Economic plan / Fischer's pricey toys
Bank of Israel Governor Stanley Fischer's press conference yesterday gave us a brief lesson in what every economist already knows: People do better when they focus on their relative advantages; that way, they avoid embarrassment. The Bank of Israel ought to focus on managing monetary policy and leave management of the budget to the Finance Ministry. That would mean less infighting and would be better for the economy, and for all of us.
The bottom line is that Fischer's proposal consists entirely of recycled ideas taken from here, there and everywhere. The plan contains nothing new, nothing revolutionary. Essentially, Fischer said people should spend a little more on whatever they have already decided to spend on.
The plan includes all the old, well-worn ideas: expanding the negative income tax, applying the welfare-to-work Wisconsin plan nationwide, putting employees of troubled companies on unpaid leave, speeding up infrastructure projects, expanding government guarantees for foreign trade risk insurance and increasing unemployment benefits. And that's the whole story.
All these are programs that already exist, and with which the treasury is in almost complete agreement. So why did we need the dramatic press conference?
Indeed, the problem is not with the recommendations, but with how they would be paid for. And here, the Bank of Israel is making a great mistake. It is behaving like the politicians, who are always proposing plans to increase government expenditures but never offer ideas on where to cut the budget to pay for them. After all, increasing expenditures is easy, and popular. But reducing them is difficult - and very unpopular.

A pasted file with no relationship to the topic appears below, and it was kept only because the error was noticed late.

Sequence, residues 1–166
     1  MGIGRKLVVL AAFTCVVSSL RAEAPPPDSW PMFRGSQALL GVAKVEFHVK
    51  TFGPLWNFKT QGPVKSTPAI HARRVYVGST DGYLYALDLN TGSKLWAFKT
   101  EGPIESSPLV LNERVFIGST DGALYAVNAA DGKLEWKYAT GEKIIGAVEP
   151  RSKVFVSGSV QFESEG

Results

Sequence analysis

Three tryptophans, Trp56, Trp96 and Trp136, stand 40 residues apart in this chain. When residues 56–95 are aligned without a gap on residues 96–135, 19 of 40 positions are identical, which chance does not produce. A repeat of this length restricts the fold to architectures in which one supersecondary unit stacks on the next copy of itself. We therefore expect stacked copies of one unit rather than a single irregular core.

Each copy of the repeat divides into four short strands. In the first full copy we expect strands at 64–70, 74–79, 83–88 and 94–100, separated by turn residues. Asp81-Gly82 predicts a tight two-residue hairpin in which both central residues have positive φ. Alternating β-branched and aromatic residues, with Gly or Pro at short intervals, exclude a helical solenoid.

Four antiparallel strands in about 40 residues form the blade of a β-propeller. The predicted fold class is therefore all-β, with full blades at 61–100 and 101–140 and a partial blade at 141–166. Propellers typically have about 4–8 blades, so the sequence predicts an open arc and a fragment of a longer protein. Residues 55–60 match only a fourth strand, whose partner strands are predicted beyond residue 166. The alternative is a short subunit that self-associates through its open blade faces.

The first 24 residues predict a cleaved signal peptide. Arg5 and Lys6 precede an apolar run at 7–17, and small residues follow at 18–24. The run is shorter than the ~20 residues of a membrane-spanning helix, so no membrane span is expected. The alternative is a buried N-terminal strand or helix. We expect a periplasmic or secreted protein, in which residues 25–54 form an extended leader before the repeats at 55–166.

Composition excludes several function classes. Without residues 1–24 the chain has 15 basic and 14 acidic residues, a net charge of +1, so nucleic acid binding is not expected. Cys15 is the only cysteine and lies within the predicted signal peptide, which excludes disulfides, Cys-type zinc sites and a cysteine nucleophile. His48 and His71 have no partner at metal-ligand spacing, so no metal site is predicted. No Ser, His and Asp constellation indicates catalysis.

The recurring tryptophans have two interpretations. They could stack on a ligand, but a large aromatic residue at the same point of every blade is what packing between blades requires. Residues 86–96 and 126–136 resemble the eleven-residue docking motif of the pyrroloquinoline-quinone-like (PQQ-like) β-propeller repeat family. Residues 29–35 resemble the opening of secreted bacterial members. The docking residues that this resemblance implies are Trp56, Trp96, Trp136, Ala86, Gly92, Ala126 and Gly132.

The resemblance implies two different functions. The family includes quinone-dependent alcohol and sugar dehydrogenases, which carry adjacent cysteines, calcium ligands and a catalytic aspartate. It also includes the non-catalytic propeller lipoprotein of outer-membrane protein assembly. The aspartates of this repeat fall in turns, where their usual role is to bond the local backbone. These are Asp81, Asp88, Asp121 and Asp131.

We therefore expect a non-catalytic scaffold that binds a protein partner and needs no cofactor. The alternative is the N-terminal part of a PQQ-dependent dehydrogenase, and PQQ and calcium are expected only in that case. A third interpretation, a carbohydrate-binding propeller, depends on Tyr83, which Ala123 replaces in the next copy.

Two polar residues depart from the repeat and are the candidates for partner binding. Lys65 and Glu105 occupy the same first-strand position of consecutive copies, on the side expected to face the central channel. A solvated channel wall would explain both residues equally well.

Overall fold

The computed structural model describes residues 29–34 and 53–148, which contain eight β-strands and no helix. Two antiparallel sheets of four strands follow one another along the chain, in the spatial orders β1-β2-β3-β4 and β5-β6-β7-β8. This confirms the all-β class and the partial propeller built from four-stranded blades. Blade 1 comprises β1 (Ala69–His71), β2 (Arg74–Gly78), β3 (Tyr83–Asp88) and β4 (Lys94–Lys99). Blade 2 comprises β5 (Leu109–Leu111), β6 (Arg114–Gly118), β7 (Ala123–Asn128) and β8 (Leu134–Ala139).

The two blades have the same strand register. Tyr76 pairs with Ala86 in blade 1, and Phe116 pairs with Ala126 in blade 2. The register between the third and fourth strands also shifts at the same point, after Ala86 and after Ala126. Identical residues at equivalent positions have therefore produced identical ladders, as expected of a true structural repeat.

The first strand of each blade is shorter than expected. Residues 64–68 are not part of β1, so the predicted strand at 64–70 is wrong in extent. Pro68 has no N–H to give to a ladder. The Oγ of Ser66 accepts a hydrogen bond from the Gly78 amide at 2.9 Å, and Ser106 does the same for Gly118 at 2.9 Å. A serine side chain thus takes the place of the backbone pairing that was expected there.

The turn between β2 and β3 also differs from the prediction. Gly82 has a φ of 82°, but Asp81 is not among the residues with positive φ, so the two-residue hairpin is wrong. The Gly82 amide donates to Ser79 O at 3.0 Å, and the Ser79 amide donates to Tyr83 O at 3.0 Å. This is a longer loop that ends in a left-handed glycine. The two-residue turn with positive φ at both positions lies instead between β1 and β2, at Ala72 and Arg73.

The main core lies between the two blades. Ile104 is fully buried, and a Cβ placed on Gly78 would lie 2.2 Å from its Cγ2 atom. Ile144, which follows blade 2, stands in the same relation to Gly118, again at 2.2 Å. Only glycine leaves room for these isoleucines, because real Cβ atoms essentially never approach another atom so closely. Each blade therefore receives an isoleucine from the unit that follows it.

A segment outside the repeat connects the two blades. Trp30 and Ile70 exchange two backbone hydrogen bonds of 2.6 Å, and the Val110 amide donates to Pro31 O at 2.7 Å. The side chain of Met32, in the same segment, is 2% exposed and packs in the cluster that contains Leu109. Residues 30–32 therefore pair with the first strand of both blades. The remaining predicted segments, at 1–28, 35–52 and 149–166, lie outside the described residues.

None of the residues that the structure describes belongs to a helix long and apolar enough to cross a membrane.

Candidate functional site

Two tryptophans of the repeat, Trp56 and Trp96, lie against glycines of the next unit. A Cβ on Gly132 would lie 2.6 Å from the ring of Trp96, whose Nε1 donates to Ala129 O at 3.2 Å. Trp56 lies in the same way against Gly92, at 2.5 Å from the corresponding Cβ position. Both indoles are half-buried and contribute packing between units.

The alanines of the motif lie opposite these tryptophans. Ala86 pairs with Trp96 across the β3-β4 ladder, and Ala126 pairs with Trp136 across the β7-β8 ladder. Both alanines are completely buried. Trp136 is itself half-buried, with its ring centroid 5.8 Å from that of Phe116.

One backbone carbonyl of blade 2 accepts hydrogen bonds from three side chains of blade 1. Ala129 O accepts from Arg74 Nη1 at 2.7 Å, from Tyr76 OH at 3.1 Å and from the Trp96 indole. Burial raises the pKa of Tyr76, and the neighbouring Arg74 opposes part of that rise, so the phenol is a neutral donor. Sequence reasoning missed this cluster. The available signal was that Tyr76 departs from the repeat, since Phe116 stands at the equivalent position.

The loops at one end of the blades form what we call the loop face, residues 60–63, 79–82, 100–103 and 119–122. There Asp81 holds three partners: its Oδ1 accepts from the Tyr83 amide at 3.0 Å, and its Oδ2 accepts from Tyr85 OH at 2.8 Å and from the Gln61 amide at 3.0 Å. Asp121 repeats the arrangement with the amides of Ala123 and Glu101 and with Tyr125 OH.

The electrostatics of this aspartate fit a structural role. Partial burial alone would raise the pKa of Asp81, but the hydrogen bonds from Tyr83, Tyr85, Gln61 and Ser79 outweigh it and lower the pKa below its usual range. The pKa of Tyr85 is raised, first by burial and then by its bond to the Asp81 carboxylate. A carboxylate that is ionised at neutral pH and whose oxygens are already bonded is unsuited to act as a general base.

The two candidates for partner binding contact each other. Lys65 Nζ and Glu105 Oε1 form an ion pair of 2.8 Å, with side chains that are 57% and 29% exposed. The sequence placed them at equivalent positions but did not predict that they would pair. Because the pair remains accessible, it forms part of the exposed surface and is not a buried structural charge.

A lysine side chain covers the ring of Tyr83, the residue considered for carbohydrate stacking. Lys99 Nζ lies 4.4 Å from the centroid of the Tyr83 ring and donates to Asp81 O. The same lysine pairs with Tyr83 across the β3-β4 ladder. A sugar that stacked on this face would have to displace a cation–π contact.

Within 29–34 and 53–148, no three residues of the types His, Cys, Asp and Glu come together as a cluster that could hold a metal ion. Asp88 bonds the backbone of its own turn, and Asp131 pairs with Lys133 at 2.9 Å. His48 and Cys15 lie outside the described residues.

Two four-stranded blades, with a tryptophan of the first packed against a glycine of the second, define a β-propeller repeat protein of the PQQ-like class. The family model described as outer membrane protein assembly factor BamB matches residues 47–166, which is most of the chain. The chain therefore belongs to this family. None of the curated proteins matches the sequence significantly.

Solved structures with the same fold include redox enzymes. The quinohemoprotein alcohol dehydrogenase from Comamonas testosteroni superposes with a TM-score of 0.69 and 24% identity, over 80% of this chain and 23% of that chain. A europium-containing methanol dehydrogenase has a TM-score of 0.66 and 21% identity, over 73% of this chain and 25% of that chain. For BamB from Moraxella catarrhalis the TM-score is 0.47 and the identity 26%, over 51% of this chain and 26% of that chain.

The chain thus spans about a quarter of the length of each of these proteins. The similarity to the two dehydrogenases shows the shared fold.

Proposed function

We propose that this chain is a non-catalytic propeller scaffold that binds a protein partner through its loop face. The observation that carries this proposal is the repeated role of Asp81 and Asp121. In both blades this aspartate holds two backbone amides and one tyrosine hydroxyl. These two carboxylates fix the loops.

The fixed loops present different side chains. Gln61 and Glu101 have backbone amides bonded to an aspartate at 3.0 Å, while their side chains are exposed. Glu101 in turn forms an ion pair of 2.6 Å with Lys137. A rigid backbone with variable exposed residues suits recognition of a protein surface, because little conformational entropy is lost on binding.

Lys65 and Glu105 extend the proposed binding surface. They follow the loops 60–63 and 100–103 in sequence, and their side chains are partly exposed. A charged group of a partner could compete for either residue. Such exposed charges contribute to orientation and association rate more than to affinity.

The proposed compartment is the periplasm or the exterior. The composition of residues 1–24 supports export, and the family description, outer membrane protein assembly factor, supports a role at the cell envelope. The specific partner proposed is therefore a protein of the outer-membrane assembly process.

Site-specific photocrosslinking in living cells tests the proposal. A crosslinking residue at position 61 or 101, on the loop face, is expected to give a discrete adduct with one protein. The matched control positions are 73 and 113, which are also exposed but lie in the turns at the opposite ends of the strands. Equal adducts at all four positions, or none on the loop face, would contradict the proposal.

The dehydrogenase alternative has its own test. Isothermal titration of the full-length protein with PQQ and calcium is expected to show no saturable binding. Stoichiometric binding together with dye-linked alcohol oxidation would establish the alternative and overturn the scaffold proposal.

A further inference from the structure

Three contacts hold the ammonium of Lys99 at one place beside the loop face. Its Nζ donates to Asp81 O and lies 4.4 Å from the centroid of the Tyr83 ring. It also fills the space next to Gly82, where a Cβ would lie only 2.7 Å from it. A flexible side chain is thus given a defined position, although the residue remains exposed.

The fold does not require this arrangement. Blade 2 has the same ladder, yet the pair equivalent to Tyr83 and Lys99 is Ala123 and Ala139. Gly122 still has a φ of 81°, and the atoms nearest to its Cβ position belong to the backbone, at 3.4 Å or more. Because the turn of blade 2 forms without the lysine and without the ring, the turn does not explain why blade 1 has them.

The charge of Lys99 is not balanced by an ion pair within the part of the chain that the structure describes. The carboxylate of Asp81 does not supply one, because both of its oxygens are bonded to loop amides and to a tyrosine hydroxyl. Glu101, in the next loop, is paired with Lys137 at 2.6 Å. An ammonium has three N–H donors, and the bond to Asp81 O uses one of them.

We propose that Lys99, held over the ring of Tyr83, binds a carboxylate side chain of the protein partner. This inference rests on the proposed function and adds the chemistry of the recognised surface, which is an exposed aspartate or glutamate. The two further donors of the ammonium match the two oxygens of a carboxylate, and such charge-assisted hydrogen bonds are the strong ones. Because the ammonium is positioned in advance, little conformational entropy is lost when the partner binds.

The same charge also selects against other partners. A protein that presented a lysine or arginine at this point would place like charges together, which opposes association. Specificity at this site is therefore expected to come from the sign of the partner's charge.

The Bank of Israel's plan would increase the budget deficit. That means it would increase our foreign debt, raise long-term interest rates and push the private sector out of the capital markets. In short, it would impede growth and employment. This is an utterly irresponsible position, because if it is right to increase the deficit to 5.8 percent, why not to 8 percent, as Histadrut chairman Ofer Eini is demanding? After all, in a competition to play the good fairy, Eini will always beat Fischer easily.
The Bank of Israel could have taken a more responsible position - albeit a much less popular one - by presenting a plan to spur economic activity that was accompanied by detailed proposals on how to cut an identical sum from the budget. That is the correct economic policy, which would increase the government's credibility and maintain economic stability. And that stability is currently our top priority.
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